Thomas Cromwell was an English lawyer who was Henry VIII's chief minister for eight years, orchestrating such things as the annulment of Henry's marriage to Catherine of Aragon and the creation of the Church of England which was founded almost entirely to enable Henry to marry Anne Boleyn, after failed attempts to obtain approval for the union from the Pope. He followed a lot of Henry's orders, but he also burned a lot of bridges, and was executed on the King's orders in 1540. Hilary Mantel's 2020 novel, The Mirror and the Light, is the final in her trilogy about Cromwell's rise and fall, chronicling the last four years of his life, from the execution of Anne Boleyn to his own beheading.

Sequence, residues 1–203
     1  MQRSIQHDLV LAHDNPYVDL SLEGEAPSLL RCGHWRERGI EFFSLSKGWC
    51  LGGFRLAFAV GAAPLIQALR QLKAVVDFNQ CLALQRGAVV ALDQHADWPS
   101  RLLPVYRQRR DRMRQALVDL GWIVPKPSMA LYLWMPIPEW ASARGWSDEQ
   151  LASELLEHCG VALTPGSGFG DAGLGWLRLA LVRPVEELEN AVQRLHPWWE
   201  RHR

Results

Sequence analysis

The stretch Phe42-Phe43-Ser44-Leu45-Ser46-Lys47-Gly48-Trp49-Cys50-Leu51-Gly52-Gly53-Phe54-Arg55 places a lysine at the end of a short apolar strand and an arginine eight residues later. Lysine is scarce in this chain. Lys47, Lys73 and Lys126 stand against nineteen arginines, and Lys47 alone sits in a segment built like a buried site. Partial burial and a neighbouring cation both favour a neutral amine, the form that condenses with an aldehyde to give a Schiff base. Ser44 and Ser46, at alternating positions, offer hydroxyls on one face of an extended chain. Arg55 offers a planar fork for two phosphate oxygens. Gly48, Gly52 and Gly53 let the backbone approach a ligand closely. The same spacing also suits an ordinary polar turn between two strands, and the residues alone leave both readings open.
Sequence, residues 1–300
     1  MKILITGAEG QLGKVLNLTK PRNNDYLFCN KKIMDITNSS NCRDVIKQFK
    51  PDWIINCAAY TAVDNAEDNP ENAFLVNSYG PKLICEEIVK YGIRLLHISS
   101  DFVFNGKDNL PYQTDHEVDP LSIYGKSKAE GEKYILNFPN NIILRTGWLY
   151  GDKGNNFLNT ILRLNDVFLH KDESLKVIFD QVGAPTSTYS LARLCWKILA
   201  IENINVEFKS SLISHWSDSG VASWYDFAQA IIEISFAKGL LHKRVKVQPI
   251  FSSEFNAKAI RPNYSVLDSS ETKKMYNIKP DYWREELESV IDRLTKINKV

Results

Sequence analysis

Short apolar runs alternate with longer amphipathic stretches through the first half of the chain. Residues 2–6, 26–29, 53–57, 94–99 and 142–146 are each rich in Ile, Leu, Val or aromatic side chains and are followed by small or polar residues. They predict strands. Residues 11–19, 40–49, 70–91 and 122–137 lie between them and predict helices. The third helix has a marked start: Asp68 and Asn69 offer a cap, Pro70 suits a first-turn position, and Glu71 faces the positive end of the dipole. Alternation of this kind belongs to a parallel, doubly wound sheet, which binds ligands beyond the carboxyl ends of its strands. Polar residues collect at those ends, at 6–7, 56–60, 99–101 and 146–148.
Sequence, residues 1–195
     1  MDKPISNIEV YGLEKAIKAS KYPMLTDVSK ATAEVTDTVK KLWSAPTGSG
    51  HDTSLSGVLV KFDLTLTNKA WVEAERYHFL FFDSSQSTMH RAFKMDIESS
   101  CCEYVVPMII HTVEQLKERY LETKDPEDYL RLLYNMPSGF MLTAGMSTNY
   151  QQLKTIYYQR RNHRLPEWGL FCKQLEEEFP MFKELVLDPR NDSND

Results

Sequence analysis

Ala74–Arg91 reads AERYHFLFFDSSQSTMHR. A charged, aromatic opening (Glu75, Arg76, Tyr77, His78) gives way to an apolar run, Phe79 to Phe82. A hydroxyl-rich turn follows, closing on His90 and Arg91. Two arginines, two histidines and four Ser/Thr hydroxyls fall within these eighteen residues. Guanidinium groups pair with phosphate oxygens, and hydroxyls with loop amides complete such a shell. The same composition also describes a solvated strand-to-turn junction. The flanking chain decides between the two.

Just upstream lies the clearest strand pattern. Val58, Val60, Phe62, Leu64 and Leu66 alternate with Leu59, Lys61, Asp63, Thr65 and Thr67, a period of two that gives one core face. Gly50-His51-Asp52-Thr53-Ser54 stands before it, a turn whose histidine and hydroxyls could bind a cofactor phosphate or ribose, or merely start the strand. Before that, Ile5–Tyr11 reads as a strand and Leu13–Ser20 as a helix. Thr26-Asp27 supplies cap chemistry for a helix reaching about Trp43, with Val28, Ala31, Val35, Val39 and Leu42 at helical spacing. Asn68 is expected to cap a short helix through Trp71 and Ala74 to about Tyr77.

The final installment of the trilogy was a long time coming; Mantel was scheduled to finish writing it for publication in early 2019, but seemed unable to write comfortably about Cromwell's execution, having come to invest so much time and emotion in a a man whom she believed to have been both chronically strange and very misunderstood. The first book in the trilogy, Wolf Hall, was immediately sympathetic to Cromwell, and won both the Man Booker Prize and the National Book Critics Circle Award in 2009. The second novel, Bring Up the Bodies, also won the Man Booker Prize. This win made Mantel the first woman to win the prize twice.